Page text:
Norfolk & Western Steam on the East End in the 1950s.

(Some contemporary views added to show what's changed and what has not.)

Copyright (c) 2004 Roy Blanchard

Permission granted to copy for individual use but not for publication or other distribution.

Class K-1 heavy 4-8-2 #111 works the westbound local freight at Wakefield Va. 1/19/1957. At this time the K-1s held down a Norfolk-Crewe local and its eastbound counterpart, meeting in Petersburg. In about 1958 it became one local from Norfolk to P'burg and back with another turn from Crewe. Then came the streamlined K-2 4-8-2s and finally the noble Js in the late 50s as diesels took over the passenger jobs.

Wakefield in June, 2004.


Class J 4-8-4 # 602 with Train #3, the "Pocahontas," Wakefield, Va., 5/9/1958. It's 50 miles from Suffolk to Poe with nary a curve and Wakefield is in the middle of this stretch. Speeds of 100 mph were common. The station was gone when I visited in June 2004.

By 1959 leased ACL E-units had bumped the Js from the passenger jobs and this was the result. Here the 610 switches the Grey Lumber industry track in Waverly on 3/7/1959.

Class A 2-6-6-4 #1210 hauling WB hopper empties, MP 54, 1/31/1959. These modern machines did all the mainline freight work on the east end, leaving the big Y class power to handle the hills and curves to the west.

Class A 2-6-6-4 #1218 by MP 71 hustling hoppers of export coal east to Lamberts Point in 1957.

MP 71 was a great location to catch the local freights as both WB and EB turns took water here. Here the 613 slows for water on the return trip from Petersburg. 2/8/1958.

On an earlier trip to MP 71 the 111 (see above at Wakefield) heads west after taking water. The closest town is Disputanta, about a mile east.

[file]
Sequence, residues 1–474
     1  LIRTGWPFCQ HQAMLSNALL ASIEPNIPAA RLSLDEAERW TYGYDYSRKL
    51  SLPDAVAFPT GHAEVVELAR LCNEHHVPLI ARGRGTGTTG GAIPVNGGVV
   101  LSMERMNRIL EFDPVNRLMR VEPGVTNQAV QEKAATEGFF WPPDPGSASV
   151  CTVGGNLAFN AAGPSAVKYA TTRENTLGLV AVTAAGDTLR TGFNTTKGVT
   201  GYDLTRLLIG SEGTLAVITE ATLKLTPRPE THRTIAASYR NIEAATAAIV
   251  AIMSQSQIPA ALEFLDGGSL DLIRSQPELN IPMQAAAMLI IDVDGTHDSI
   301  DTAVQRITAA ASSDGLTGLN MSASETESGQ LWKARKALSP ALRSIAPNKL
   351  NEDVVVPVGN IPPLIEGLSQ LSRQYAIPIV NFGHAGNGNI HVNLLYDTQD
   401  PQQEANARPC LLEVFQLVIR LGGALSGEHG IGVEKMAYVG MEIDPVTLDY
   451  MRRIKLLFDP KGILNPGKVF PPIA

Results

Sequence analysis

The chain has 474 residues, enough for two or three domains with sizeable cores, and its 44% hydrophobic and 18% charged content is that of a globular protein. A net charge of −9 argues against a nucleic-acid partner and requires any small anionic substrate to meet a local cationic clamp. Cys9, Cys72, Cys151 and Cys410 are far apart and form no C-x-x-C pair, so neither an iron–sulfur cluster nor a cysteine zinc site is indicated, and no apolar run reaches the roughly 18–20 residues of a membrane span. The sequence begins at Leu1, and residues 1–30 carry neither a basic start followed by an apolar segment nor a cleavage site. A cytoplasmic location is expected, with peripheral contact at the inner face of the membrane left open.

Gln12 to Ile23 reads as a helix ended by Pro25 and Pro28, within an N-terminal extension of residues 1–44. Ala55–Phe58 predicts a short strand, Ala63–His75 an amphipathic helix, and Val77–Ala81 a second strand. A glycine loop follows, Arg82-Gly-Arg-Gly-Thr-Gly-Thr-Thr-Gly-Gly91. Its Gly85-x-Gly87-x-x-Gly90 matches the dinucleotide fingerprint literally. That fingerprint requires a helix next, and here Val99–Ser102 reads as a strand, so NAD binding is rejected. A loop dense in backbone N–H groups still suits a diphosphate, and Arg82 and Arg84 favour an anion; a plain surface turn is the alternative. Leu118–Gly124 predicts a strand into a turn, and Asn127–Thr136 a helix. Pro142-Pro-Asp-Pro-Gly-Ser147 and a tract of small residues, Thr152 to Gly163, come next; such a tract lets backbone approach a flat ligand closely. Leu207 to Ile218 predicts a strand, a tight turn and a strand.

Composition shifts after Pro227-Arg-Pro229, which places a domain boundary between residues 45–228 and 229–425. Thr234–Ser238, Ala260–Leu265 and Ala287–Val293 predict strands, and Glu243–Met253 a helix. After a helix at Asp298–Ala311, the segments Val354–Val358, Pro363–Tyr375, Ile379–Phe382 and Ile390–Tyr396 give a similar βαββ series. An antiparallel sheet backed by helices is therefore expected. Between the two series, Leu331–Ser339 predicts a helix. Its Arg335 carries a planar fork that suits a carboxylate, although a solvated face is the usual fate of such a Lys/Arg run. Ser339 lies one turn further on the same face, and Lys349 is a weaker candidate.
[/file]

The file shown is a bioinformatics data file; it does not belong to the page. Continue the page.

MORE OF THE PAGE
Class Y3 2-8-8-2 #2043, Portlock Yard, South Norfolk, 3/3/1957. The older Y class power had by the late 1950s been relegated to switching the Lamberts Point docks and support yards like Portlock.

The 2043, same day, same place.

Class Y-6b 2-8-8-2 #2132, NB, Shenandoah, VA 12/16/1956. This is now on the I-81 corridor of NS and in the late 1950s the through freights and coal jobs went to the class Y-6b. The night passenger turn to and from NYC via Harrisburg and the PRR drew streamlined Ks. One also found class M 4-8-0s, unstreamlined Ks and the ubiquitous class S 0-8-0s lurking about.

By June 2004 the scene was quite different. Two northbound manifest freights change crews at Shenandoah. The engine terminal that was behind me when I shot the Y is gone and the space filled in with trees.

Class S 0-8-0 # 256 faces South at Lovitt Ave, Norfolk. Today the I-264 overpass nearly covers this location.The tower is gone and the baseball stadium parking lot now occupies the former coach yards, out of sight, left.

Class J 4-8-4 #611 with the early morning Roanoke train at Norfolk Union Station circa 1957. Both the Virginian and the original Norfolk Southern used this station, though by the 50s the NS was long gone. Today the station is gone and the real estate totally given over to the I-264 bridge network as it splits to Portsmouth, Water Street, and Tideater Drive. Photo by H. Reid.


Something else you can never photograph again. Looking east, class S 0-8-0 #283 works Water Street in Norfolk. The water is to the right, Union Station to the left, the main line is half a mile east and the site of the present Norfolk Southern building is just over my left shoulder.

Class S 0-8-0 #270 working Hopewell, Va yard, 3/7/59.

Class J 4-8-4 # 609 in Petersburg VA in January 1958 with the WB "Pocahontas."


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